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Mediation Myths Debunked

Years of cuts in funding to the court system have resulted in delays, made worse by the Covid-19 pandemic, but the option of mediation represents a welcome alternative. As we at SHU Law step up our own mediation offering, Ruth Dawson debunks some common mediation myths.


Myth 1: Mediation means I have to speak with the other side

The reality of litigation is that it is often emotionally charged and complex. One of the beauties of mediation is its flexibility: short of a few rules regarding mutual respect, if you don’t want to do something at mediation, you don’t have to. Mediation can involve a joint meeting, but it doesn’t have to, and its success does not depend upon a joint meeting.


Myth 2: Mediation always involves compromise

While the purpose of mediation is for participants to come together and keep an open mind about ways to resolve a dispute, you do not always have to compromise what you want in order to get there. There is no penalty if a mediation is unsuccessful, and it doesn’t affect your chances of success if you return to the courtroom, so what have you got to lose? What is more, in court, remedies are limited to financial damages, but mediations can be resolved in any number of ways and mediation allows an element of creativity in finding solutions which you just don’t find in a courtroom.


Myth 3: Mediation doesn’t work

This myth perhaps stems from a fear of the unknown, but according to Centre for Effective Dispute Resolution[1], on average 86% of cases settle at mediation. Of course, a “successful” mediation is not always one in which the matter settles; you can succeed in making progress in a case without a settlement, so in reality the 86% success rate will be even higher.


Myth 4: Mediation prevents the parties from “having their day in court”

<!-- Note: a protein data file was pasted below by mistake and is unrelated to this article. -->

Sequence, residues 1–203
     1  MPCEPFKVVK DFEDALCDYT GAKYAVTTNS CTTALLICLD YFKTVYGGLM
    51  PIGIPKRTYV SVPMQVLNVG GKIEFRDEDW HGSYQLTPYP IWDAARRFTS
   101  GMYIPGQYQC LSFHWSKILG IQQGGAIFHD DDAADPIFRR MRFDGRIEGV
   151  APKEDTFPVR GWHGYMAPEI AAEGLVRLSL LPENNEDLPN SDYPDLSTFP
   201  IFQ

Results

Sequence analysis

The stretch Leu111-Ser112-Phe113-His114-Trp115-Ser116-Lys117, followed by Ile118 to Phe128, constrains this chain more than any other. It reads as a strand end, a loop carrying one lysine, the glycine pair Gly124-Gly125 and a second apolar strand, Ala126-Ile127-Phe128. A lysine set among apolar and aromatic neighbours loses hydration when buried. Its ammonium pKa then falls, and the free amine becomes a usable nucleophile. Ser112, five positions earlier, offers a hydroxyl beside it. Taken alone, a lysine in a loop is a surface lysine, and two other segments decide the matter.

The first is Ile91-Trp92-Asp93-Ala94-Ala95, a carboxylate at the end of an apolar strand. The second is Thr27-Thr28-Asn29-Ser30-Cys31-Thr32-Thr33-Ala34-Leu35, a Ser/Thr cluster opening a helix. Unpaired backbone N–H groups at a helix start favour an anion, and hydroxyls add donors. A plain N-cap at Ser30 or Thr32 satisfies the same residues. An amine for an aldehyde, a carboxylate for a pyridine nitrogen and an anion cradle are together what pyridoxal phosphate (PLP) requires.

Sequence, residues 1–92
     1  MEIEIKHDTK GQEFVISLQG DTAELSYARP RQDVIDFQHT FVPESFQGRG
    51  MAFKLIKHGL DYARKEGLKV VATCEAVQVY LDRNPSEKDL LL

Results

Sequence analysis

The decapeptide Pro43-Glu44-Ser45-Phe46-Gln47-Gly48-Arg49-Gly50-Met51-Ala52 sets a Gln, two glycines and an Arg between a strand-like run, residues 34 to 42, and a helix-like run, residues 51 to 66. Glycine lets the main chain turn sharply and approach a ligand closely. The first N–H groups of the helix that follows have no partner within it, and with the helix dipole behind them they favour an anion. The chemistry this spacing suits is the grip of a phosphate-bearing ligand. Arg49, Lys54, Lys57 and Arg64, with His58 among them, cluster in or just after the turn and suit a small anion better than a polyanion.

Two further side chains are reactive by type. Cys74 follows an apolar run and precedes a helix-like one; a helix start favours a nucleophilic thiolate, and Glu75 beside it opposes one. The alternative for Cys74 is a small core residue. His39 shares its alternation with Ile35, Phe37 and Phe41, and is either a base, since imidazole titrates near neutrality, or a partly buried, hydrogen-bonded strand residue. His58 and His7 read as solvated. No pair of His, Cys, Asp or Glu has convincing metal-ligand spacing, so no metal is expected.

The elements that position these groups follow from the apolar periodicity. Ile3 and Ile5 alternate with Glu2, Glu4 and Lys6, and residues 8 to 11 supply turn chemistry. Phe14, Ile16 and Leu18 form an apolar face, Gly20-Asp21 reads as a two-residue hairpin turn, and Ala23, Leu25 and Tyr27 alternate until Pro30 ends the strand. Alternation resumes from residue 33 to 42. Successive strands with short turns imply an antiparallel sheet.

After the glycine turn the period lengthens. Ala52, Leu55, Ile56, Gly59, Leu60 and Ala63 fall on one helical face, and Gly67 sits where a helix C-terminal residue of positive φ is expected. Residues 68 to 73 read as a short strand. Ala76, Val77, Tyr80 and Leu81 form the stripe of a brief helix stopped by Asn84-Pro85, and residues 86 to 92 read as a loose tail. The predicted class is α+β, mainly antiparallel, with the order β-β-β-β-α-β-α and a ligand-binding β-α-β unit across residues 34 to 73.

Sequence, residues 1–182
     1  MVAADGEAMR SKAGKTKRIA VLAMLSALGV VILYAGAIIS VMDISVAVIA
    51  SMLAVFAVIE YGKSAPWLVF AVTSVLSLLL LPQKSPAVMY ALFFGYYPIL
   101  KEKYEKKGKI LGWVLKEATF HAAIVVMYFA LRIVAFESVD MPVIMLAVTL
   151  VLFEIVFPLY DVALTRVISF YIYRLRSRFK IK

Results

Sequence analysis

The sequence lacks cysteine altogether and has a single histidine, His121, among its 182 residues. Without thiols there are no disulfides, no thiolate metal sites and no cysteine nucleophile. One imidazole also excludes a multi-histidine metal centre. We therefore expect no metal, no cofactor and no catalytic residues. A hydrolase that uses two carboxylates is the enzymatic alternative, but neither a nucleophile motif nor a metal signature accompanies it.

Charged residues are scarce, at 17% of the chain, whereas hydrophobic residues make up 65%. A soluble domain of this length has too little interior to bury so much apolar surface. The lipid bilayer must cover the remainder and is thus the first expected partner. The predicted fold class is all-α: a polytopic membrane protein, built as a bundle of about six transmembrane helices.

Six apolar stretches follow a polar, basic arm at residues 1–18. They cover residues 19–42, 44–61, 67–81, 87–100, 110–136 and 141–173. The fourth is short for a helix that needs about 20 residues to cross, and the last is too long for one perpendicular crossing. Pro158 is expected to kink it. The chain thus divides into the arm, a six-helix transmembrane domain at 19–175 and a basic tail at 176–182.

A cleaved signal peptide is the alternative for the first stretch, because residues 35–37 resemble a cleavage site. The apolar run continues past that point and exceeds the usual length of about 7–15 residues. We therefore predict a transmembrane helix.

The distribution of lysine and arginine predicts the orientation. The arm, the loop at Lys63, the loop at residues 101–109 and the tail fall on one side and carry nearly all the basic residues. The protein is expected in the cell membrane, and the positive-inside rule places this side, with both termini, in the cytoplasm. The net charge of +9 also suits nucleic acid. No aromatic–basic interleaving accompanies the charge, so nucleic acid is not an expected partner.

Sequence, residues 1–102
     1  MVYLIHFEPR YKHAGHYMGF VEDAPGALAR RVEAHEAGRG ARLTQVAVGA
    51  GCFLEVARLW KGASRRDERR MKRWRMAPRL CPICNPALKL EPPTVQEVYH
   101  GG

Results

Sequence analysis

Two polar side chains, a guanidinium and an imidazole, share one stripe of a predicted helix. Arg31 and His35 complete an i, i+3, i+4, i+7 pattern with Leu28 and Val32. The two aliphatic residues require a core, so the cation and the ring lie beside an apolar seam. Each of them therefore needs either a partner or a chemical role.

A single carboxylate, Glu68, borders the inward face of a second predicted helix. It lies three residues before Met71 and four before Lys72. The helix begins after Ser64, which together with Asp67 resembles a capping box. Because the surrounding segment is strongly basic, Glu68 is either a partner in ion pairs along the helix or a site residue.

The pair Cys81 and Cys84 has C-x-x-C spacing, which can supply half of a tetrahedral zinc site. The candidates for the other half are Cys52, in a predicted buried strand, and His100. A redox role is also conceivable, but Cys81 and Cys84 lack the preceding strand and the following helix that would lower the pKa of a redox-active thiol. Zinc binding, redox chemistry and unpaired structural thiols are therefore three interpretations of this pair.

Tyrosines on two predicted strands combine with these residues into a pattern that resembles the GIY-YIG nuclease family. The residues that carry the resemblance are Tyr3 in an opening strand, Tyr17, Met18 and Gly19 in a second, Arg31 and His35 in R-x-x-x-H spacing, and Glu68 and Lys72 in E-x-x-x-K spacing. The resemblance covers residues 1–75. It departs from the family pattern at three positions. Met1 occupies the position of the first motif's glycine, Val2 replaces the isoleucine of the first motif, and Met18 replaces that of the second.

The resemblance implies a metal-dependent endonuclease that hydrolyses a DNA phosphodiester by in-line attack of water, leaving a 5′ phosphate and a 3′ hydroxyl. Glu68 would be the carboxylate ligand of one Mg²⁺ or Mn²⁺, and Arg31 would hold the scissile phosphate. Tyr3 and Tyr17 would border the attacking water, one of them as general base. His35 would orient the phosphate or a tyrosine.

Often parties are entrenched in their positions and, largely due to the emotion of the case, are convinced that they are “right” and that the other side are “wrong”. Often, they are convinced that they will be vindicated by the Judge and they cite this as their reason for wanting their day in court. In reality, there is not much scope in civil cases for the emotional side of cases to be heard and the trial process rarely permits a party to tell their story in the way they would like to, as the court is interested in the relevant facts only – which may amount to only a small part of the history of the dispute. This is where mediation comes into its own: in a mediation, participants are encouraged to talk on a more personal level and tell their story in a way which would not be possible in court.



SHU Law is a not-for-profit ‘teaching law firm’ fully regulated by the Solicitors Regulation Authority and associated with Sheffield Hallam University. Please contact us on 0114 225 6666 if you would like us to consider mediating in your dispute.

[1] CEDR’s 2018 study “The Eighth Mediation Audit”

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